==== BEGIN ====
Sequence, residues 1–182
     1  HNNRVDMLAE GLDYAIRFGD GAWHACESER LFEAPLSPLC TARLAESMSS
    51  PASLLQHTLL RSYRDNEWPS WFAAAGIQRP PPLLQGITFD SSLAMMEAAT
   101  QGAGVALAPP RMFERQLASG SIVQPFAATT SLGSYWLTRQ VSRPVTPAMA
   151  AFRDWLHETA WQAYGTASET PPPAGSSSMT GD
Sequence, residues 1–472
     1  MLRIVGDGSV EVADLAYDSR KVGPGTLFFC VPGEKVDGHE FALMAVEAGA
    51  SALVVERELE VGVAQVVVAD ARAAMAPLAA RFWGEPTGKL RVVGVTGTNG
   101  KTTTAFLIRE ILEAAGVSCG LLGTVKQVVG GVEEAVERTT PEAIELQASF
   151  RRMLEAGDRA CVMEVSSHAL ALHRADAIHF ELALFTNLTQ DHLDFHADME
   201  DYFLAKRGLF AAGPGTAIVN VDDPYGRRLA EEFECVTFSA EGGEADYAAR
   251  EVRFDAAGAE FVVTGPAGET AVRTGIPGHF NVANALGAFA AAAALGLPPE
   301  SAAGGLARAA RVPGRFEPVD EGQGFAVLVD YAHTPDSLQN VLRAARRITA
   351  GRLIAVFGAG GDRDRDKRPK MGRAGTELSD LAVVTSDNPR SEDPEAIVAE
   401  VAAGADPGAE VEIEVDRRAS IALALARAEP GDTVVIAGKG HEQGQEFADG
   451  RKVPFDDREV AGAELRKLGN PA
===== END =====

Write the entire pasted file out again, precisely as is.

Sequence, residues 1–182
     1  HNNRVDMLAE GLDYAIRFGD GAWHACESER LFEAPLSPLC TARLAESMSS
    51  PASLLQHTLL RSYRDNEWPS WFAAAGIQRP PPLLQGITFD SSLAMMEAAT
   101  QGAGVALAPP RMFERQLASG SIVQPFAATT SLGSYWLTRQ VSRPVTPAMA
   151  AFRDWLHETA WQAYGTASET PPPAGSSSMT GD
Sequence, residues 1–472
     1  MLRIVGDGSV EVADLAYDSR KVGPGTLFFC VPGEKVDGHE FALMAVEAGA
    51  SALVVERELE VGVAQVVVAD ARAAMAPLAA RFWGEPTGKL RVVGVTGTNG
   101  KTTTAFLIRE ILEAAGVSCG LLGTVKQVVG GVEEAVERTT PEAIELQASF
   151  RRMLEAGDRA CVMEVSSHAL ALHRADAIHF ELALFTNLTQ DHLDFHADME
   201  DYFLAKRGLF AAGPGTAIVN VDDPYGRRLA EEFECVTFSA EGGEADYAAR
   251  EVRFDAAGAE FVVTGPAGET AVRTGIPGHF NVANALGAFA AAAALGLPPE
   301  SAAGGLARAA RVPGRFEPVD EGQGFAVLVD YAHTPDSLQN VLRAARRITA
   351  GRLIAVFGAG GDRDRDKRPK MGRAGTELSD LAVVTSDNPR SEDPEAIVAE
   401  VAAGADPGAE VEIEVDRRAS IALALARAEP GDTVVIAGKG HEQGQEFADG
   451  RKVPFDDREV AGAELRKLGN PA